TOP OPINION HEADLINE : PRINCIPAL’S OFFICE: Dear parents, school ‘lists’ aren’t
PRINCIPAL’S OFFICE: Dear parents, school ‘lists’ aren’t what’s important
“Not everything that counts can be counted, and not everything that can be counted, counts.” (Albert Einstein)
Ah, it’s that ambivalent time when we are glad to see our children go back to school but anxious that they be “successful” there.
But what does “successful” mean?
Most of us think we know what we want from our child’s schooling. We want our child to climb to the top of an academic list, be the best basketball player in B.C. or have his name inscribed on the honour roll. Our child’s “success” is, thus, measured by how far up he or she makes it on various school lists.
But these “lists” are fleeting and unimportant things.
“Top physics student,” “honour roll in both semesters,” “perfect attendance” or “best basketball player in Coquitlam” will mean little the moment kids leave high school.
Much of the longing we feel for them to be sorted to the top of various academic, athletic and fine arts lists is our own, vicarious ambition. We want them to “succeed” for themselves, yes, but just as much for us.
In personal and professional hindsight, I am convinced that it is things we don’t and can’t measure with foundation skills assessment tests, basketball games and science fair competitions that decide our children’s true success in school.
With adult mentoring, at home and at school, our children learn to accept responsibility for their education and their life. They learn to collaborate, to work with a team towards a common goal. They learn to strive, to work hard at things they enjoy and plow through things they don’t. They gain immeasurable self- esteem.
They learn to set and keep schedules. They learn to make good friends. They learn citizenship and respect for diversity. They will enjoy school life and be happy. They will look forward to the future.
They will blossom as their own person.
These are the important things we should judge schools on, not on how high they sort our child on whatever list we feel most important or how high the Fraser Institute sorts our schools on its incredibly meaningless lists.
Each year, we push, encourage, nag and sign our children up for honours classes. We push them into French immersion, gifted and IB programmes so they can optimize their special talents. We require that they complete their homework before going out to have fun and we get angry with teachers and schools that haven’t helped them scrabble to the top of the list we covet in the way we’d envisioned.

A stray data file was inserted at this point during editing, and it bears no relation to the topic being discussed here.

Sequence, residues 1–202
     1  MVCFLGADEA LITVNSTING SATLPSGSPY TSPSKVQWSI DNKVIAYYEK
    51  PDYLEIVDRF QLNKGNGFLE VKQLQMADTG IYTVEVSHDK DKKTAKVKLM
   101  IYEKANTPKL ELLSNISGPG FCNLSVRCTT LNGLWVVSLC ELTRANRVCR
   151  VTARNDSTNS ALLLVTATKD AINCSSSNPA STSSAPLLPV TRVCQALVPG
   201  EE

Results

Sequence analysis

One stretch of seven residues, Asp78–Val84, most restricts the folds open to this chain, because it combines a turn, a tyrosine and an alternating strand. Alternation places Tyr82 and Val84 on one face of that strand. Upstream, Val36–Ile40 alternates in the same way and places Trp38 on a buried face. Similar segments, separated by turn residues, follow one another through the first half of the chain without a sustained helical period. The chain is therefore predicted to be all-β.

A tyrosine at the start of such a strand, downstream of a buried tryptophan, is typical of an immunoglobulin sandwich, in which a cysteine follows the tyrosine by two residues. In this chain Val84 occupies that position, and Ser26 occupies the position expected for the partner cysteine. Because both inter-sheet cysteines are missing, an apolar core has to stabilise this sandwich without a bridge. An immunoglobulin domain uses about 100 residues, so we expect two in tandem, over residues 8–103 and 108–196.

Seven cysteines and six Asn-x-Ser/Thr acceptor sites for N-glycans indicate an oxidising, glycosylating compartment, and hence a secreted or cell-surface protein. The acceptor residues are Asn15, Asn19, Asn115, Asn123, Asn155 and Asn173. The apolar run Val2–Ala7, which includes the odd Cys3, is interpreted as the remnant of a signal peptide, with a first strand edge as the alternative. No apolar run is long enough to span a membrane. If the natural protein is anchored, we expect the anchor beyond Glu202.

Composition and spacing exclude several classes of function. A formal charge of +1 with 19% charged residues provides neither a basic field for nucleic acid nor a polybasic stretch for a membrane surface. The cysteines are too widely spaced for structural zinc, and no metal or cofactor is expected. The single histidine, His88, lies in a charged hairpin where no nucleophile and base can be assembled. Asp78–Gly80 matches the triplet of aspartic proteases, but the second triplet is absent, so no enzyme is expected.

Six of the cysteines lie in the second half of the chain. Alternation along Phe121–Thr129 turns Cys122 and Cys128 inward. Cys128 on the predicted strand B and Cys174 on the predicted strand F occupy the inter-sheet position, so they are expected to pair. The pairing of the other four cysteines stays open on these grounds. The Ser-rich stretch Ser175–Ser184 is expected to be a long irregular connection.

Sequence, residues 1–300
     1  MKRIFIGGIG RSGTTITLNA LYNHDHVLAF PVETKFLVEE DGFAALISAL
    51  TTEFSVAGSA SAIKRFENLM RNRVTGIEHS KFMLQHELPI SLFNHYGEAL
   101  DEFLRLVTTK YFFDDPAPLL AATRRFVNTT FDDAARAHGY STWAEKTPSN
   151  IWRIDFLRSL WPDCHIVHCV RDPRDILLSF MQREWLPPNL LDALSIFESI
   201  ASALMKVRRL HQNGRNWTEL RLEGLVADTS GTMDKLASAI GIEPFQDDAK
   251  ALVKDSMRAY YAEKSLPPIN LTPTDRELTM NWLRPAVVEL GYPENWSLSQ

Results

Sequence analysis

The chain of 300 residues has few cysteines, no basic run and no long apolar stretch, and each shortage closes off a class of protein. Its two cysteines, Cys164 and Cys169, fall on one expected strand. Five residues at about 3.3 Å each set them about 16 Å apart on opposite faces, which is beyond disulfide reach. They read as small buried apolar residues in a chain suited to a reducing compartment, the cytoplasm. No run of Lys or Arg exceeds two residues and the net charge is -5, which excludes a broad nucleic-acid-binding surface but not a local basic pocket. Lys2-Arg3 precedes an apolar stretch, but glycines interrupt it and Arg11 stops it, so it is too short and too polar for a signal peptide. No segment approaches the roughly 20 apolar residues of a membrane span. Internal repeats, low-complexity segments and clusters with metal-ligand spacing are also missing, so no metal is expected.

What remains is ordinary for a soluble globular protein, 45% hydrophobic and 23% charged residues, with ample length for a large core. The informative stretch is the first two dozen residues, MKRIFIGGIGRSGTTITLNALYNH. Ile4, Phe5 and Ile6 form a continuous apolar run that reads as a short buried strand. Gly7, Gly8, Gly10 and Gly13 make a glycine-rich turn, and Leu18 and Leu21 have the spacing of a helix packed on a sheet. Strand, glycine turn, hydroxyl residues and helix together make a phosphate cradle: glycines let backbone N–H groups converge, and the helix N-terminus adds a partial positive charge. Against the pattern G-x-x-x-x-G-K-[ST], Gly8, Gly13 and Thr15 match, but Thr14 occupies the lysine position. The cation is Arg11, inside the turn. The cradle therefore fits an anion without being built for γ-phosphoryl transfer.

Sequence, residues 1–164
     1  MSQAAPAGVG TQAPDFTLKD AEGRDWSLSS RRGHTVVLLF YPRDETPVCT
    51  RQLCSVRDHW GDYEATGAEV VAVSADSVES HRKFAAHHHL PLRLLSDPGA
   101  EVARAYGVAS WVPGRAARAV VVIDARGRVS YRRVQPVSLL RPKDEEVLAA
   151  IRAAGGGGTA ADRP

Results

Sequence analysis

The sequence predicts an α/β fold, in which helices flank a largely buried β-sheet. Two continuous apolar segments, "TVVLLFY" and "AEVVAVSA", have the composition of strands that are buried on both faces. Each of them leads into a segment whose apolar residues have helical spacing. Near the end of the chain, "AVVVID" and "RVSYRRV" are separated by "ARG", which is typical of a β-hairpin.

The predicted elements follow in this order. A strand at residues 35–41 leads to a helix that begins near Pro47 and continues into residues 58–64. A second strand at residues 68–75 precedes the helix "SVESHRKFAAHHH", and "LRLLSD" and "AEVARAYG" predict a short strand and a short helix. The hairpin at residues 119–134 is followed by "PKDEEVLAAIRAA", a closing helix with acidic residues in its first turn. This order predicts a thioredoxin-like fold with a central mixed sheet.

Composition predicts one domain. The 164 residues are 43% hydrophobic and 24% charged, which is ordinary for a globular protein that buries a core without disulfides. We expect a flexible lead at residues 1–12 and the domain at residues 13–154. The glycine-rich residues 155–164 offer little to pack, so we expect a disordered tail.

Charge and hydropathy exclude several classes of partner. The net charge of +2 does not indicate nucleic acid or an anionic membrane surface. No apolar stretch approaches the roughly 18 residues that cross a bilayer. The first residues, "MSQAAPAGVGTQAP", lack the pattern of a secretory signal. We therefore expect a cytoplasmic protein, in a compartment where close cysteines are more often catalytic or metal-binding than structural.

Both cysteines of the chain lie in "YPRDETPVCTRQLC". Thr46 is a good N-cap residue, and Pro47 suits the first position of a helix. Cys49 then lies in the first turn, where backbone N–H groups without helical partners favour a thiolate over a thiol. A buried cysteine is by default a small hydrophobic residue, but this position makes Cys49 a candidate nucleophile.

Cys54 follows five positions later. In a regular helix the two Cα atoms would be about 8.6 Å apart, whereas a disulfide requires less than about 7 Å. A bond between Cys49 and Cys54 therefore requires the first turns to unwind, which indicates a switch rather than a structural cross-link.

My back-to-school wish for you as a loving parent, then, is that you come to the liberating realization that topping lists is one of the least important things about school.
In fact, the stuff they study is less important than the developmental metamorphosis that we and schools together encourage in them. The “stuff” will come easily if they are happy and feel in charge. The “stuff” will come easily if it is not force fed — if it’s their stuff.
We shouldn’t underestimate what schools contribute in these crucial areas of personal development. Our children need to move past being an appendage of us more than they need to top a list to be worthy or “make us proud.”
Yes, forget the lists and treat them with the disrespect they deserve. They are an arithmetic compilation of subjective judgements that are neither important nor particularly valid.
Dear parents, as one of you as well as a veteran teacher and principal, I offer this advice:
Spend your emotional energy helping your children to own their own schooling. Encourage it.
Maximize your interest and minimize your interventions whenever possible.
Give advice they can take or leave.
Express confidence in them.
Apologize when you screw up, to model taking personal responsibility.
Be sure they know they’re not at school to please you or grandma, but themselves.
And know this: Once they own their education, you need only sit back, share and cheer.
One bit of advice – Encourage your students join a musical group – concert band, stage band, choir or drama These activities will provide an instant group of good friends, working together to produce a concert performance in which every member is responsible for a part of the whole. There’s fundraising, individual practice, rehearsals before and after school and sometimes travel and competition. Your student will be busy, working with others. They learn commitment, responsibility and experience the love of music.
Ah yes. But how will all that stuff help increase test scores?